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Wednesday, May 16, 2012
Domino's Controversy Continues in NYC
Yesterday, the Celiac Disease Center at Columbia University released this statement:
 "Recently ABC News had a piece on Domino's Pizza presenting a supposedly gluten-free item. This is not a product suitable for those with celiac disease and highlights the need for strict regulation of gluten-free foods. Apparently, Domino's Pizza received advice from the National Foundation for Celiac Awareness (NFCA) on how to present this product. This also highlights the need for regulation at a government level rather than the food industry turning to lay groups. 
During this presentation, Dr. Peter Green was highlighted discussing the limitations of a gluten-free diet. This piece was a segment from an interview taken one year earlier and not related to discussion of the current "gluten-free" pizza issue.
Last night, Dr. Peter Green and nutritionist Suzanne Simpson from the Celiac Disease Center here in New York City appeared on Fox 5 News. While I feel the timing of the email statement and then the video is a little bit strange and delayed, it is nice to get some feedback from a usually quiet research center. For some reason I can't view the last 30 seconds of the video, but it is interesting to see this topic discussed so close to home.


Domino's Pizza gluten-free crust controversy

http://www.myfoxny.com/story/18431115/dominos-pizza-gluten-free-crust-controversy 

Domino's Pizza is creating a buzz about gluten-free pizza crust it is now offering. However some critics say if you're allergic to gluten, you can't go anywhere near it.

Suzanne Simpson, a nutritionist, has celiac disease, which means she cannot eat gluten. If she does, it causes gastrointestinal pain, rashes, headaches and joint pain. She says the problem with Domino's is that the gluten-free pizza crust is made right next to the regular pie crust and there is a risk of cross-contamination.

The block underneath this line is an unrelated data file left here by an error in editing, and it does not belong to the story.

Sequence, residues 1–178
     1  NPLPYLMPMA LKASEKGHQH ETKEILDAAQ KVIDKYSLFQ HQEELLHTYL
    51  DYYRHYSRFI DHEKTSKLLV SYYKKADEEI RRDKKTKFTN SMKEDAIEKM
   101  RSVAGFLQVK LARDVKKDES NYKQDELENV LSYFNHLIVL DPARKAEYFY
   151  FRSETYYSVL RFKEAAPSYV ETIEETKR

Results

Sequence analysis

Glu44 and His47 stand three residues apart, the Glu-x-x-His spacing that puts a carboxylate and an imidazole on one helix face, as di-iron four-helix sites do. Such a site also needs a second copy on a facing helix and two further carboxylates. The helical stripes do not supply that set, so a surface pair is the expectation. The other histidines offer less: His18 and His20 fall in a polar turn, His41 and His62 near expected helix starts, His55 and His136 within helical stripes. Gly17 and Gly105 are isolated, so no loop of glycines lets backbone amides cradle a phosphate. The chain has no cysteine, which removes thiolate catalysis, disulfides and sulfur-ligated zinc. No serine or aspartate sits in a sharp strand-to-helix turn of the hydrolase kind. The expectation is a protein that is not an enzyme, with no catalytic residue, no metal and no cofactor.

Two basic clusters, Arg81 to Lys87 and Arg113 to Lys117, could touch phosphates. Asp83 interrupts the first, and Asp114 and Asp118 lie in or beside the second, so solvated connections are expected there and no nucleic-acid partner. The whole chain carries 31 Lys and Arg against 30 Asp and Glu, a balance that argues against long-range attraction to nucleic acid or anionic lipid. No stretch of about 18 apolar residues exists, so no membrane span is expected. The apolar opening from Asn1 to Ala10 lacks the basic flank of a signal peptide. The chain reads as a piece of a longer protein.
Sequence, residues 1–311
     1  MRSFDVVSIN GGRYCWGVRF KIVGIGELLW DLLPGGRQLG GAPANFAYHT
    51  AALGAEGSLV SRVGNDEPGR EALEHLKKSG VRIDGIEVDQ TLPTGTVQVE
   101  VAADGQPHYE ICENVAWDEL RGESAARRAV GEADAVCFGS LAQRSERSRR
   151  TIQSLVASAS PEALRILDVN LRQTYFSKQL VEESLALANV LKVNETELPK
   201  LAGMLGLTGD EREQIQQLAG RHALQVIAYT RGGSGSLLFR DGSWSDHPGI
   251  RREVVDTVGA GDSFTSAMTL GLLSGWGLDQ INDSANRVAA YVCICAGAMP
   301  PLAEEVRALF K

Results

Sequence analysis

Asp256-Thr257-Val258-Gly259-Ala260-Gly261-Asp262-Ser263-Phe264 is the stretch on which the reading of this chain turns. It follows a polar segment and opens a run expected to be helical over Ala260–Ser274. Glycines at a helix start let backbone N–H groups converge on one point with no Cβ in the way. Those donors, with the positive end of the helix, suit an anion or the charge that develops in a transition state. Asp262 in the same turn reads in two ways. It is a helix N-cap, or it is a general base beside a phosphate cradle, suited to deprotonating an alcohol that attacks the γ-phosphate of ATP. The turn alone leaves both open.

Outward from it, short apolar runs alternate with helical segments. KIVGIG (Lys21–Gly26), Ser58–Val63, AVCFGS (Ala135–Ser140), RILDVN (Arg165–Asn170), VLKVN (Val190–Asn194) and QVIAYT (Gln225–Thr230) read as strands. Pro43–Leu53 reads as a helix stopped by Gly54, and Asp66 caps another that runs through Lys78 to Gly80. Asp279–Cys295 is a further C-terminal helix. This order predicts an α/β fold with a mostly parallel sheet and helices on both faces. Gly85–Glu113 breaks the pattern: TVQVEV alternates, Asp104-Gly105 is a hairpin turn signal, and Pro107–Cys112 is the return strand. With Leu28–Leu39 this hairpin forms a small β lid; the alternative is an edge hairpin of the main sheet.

If you order gluten-free online from Domino's, a warning pops up telling you that if you have celiac disease, don't eat the gluten-free crust. The company also issued a statement saying that "...while the crust is certified as gluten free, current store operations at Domino's cannot guarantee that each handcrafted pizza will be completely free from gluten."

The pizza is intended for people who have mild gluten intolerance, not those who have celiac disease.

In fact, Dr. Peter Green of the Celiac Disease Center at NewYork-Presbyterian/Columbia University Medical Center said the crust could be a danger to people who have celiac disease. He said feels Domino's is marketing the gluten-free crust because it is a trendy a diet fad.

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3 Comments:

Of course Domino's is marketing this as a gluten free diet fad. If Domino's, a company with legal attorneys on standby and the ability to pursue training of its staff and supply every location (or at least those offering Gluten Free options) with separated utensils and supplies, was serious about providing a food that could be enjoyed by those who NEED to eat gluten free, they would have already done so. Instead, the company has made it clear that they have no intention of doing so.

The biggest issue I have with this whole issue isn't the fact that it's designed to cause people to think the product is gluten free or safe for "some people who can't really eat gluten"- it is the statement Domino's made, even at the announcement of their new product. They stated that they "had the support of the National Foundation for Celiac Awareness," a supposedly highly respected organization that is currently THE authority of everything gluten free, including education courses, for this product. While stating that the product "is made with a gluten free crust" is absolutely protecting them legally (i.e. they do not claim the product to be gluten free),I am still of the opinion that it is not only misleading, but extremely irresponsible one way or the other.